When [ DATA ] is [ CONDITION ][ VALUE ], then [ ACTION ]

The first ‘data’ variable is the data we’re sourcing from the electronics – Current, Voltage, Power, Energy, etc. This can be selected from a list and will simply use the Arduino’s ADC to provide data readings.

The condition is, in programming terms, a relational operator that effectively compares two values and can result in true or false. Our power logger will have the following six operators (including the “or equal to” versions).

Note: The N/A trigger prevents any “smart” relay functionality and only allows manual triggering.

The ‘value’ is a number that we will compare to. In this project, this will be set as a user-changeable constant and cannot be programmed to source data – for sake of simplicity.

Finally, the ‘action’ is what action we will tell the relay to do when the condition is met.

There is an important distinction between permanent and temporary triggers. Temporary triggers will constantly be checking whether the relay should be open or closed according to the condition and change it accordingly. Permanent triggers only fire once, and then the relay becomes permanently set to that state until the user resets it manually. Depending on the circuit you are using, a permanent or temporary trigger may be more appropriate. For example, an overcurrent detection relay may be permanent since we do not want to start up the load again as soon as we disconnect it. On the other hand, a temporary trigger could be used to cut off anything above 5V provided to the load to avoid killing sensitive microcontrollers but will enable the circuit again when the unsafe voltage subsides. We can imagine a ton of uses for this simple relay programming system.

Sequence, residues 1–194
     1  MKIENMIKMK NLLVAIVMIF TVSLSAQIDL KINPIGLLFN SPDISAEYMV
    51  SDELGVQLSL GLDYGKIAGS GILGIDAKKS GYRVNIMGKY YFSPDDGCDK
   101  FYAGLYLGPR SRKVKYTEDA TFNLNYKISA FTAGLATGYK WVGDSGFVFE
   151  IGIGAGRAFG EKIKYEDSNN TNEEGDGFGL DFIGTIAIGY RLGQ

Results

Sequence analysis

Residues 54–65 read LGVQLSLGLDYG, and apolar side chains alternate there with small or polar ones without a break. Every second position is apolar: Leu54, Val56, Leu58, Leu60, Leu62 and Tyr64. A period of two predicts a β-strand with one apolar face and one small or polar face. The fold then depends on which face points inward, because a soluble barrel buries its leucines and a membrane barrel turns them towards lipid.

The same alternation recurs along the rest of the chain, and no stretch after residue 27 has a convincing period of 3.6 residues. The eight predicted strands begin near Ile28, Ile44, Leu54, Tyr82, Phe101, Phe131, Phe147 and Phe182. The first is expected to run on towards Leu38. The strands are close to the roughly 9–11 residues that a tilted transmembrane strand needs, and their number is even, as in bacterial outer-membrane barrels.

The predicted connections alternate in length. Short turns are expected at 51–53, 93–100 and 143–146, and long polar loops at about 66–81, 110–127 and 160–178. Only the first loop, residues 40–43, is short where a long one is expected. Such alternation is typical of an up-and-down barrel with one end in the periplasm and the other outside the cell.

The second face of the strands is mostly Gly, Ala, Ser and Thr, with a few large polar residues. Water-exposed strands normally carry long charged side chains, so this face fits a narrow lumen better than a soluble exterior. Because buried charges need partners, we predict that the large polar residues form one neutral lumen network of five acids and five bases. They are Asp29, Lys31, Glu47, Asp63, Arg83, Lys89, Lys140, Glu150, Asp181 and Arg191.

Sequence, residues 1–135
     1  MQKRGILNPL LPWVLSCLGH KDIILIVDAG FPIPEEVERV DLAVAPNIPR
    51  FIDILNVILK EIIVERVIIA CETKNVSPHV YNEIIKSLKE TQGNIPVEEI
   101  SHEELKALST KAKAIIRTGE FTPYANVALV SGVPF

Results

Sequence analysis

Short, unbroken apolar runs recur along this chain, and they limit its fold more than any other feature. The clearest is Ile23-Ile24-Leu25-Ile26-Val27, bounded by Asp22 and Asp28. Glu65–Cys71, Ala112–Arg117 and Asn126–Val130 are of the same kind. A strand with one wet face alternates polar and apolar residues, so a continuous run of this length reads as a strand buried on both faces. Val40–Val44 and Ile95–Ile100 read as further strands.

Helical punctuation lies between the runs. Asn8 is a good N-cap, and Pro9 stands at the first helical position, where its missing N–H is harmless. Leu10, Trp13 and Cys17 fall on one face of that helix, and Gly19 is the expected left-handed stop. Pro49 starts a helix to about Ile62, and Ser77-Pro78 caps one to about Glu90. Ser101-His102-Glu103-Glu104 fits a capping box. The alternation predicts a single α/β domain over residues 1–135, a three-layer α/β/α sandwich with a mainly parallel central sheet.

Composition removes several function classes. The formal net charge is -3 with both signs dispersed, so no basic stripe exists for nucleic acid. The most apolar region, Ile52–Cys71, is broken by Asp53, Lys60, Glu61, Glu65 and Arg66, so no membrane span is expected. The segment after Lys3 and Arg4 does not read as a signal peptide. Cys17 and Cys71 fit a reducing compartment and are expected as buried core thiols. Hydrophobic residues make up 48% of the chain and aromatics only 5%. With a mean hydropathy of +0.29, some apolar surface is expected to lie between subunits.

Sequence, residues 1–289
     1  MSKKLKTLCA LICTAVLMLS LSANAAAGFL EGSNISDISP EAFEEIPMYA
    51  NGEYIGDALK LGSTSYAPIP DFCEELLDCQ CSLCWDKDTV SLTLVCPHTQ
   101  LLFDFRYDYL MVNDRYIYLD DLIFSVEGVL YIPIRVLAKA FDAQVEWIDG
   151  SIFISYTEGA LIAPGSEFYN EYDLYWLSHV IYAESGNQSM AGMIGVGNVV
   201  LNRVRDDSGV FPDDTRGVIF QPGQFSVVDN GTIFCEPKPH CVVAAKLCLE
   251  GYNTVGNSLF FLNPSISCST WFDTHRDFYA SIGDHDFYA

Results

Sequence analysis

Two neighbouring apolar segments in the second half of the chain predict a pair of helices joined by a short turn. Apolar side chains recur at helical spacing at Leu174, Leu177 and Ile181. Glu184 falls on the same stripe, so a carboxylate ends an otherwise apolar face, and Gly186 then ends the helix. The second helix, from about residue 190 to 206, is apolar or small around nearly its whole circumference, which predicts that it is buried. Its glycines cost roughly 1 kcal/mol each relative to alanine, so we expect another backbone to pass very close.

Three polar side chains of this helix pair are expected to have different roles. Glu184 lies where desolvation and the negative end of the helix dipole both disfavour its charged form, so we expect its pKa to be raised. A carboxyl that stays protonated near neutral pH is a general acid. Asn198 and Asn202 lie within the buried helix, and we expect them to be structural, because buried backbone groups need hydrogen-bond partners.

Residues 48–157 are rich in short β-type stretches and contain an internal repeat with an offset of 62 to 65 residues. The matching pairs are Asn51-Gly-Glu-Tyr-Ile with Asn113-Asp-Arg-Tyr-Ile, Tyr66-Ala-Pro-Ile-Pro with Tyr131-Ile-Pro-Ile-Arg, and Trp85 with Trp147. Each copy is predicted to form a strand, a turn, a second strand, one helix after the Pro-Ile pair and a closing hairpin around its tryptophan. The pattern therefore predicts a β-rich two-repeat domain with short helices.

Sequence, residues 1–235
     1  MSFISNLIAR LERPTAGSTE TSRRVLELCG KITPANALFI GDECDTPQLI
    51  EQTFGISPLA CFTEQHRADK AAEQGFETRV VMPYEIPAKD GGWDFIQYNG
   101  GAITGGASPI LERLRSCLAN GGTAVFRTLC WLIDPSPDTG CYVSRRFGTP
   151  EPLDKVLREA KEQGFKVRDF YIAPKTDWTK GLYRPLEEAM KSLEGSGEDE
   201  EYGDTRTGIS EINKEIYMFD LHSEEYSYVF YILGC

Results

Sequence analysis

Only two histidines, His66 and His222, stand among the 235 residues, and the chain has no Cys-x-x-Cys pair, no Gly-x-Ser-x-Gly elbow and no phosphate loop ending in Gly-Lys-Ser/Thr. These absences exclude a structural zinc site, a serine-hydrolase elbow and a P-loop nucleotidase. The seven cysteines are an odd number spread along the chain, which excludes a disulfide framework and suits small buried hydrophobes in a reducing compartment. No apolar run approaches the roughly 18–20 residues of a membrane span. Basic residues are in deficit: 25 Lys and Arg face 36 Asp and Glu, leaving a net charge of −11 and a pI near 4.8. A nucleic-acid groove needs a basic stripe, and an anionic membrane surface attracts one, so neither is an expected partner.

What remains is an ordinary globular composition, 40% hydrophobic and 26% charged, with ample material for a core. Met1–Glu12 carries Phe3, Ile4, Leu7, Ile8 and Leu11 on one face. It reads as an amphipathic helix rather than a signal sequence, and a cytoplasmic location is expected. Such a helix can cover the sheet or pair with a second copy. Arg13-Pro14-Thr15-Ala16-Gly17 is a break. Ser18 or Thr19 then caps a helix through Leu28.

bool evaluateRelayState() {
  switch(relay_condition) {
    case 0:
      return false;
    case 1:
      return getRelaySource() < relay_value;
    case 2:
      return getRelaySource() > relay_value;
    case 3:
      return getRelaySource() <= relay_value;
    case 4: